Show simple item record Niragire, François 2017-10-04T07:44:10Z 2017-10-04T07:44:10Z 2017-08
dc.description.abstract Background: Very high child survival gains and non-decreasing national HIV prevalence coincided in Rwanda between 2005 and 2010, making the expected relationships between corresponding indicators not obvious. Objective: To assess the factors through which HIV/AIDS epidemic affected child mortality in Rwanda and pathways by which its overall impact was circumvented during the studied period. Methods: HIV infection data for 6952 women and child mortality data for 8817 live births were extracted from the 2010 Rwanda Demographic and Health Survey (RDHS) data. HIV infection data were merged with women’s data from 2010 RDHS, while child mortality data were matched with district-level HIV prevalence rate data. Selected Bayesian geo-additive regression models were employed to conduct the intended assessments. Results: Socioeconomic and sexual behaviour-related factors played significant roles in HIV spread in women. Differences in child mortality were determined by district-level spatial factors, mother’s fertility, preceding birth interval, number of antenatal care visits, place of delivery, mother’s age, duration of breastfeeding, and household economic status. HIV prevalence was also a significant determinant of child mortality. However, it did not significantly affect statistical significance of the identified child mortality determinants. It only induced changes in the magnitude of the effects of household economic status, mother’s fertility, spatial factors and all nonlinear-effect determinants. No changes were detected in the effect of antenatal care visits and place of delivery. Conclusion: HIV prevalence had a significant effect on child mortality. It also influenced the effect of certain key child mortality determinants, most of which are not very important during infancy where most of child deaths occurred in Rwanda. Further child survival gains can be achieved by changing sexual behaviours. We also argue that the residual impact of HIV prevalence might have been significantly offset by an improved access to maternal and child health care services. (Word count: 298) en_US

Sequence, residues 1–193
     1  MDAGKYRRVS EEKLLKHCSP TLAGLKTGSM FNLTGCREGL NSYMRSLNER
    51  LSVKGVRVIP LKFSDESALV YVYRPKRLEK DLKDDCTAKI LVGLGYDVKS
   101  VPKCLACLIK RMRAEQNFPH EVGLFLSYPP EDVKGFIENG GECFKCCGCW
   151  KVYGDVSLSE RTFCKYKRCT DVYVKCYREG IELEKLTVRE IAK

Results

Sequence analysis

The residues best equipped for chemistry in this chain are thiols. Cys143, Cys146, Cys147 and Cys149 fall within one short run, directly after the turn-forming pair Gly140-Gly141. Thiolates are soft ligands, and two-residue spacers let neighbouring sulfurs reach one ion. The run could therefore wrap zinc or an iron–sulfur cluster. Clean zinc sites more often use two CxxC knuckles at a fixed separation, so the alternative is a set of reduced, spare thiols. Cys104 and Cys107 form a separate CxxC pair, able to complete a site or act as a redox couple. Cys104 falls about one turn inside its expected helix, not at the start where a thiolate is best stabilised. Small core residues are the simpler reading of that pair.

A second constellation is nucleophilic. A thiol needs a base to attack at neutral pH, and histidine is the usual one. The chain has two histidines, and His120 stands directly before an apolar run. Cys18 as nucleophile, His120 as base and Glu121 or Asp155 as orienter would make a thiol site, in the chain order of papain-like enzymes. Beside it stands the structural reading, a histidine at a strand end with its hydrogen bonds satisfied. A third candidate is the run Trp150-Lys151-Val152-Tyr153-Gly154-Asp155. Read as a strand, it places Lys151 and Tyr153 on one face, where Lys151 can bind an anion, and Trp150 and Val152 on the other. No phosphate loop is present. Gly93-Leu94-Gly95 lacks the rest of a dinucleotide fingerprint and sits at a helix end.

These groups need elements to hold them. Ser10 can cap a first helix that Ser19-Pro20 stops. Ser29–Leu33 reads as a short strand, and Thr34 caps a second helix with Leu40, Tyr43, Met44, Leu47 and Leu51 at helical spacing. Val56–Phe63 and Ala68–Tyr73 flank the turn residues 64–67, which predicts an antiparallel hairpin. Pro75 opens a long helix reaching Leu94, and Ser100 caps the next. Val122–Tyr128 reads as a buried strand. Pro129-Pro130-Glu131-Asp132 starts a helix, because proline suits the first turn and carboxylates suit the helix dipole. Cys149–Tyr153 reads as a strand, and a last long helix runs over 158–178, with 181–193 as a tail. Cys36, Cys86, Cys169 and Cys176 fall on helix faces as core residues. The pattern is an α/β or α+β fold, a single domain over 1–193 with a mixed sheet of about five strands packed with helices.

dc.language.iso en en_US
dc.publisher University of Rwanda en_US
dc.subject Human Immunodeficiency Virus –Child mortality relationship - Rwanda en_US
dc.title Spatial modelling of the relationship between HIV prevalence and determinants of child mortality in Rwanda en_US
dc.type PhD Thesis en_US

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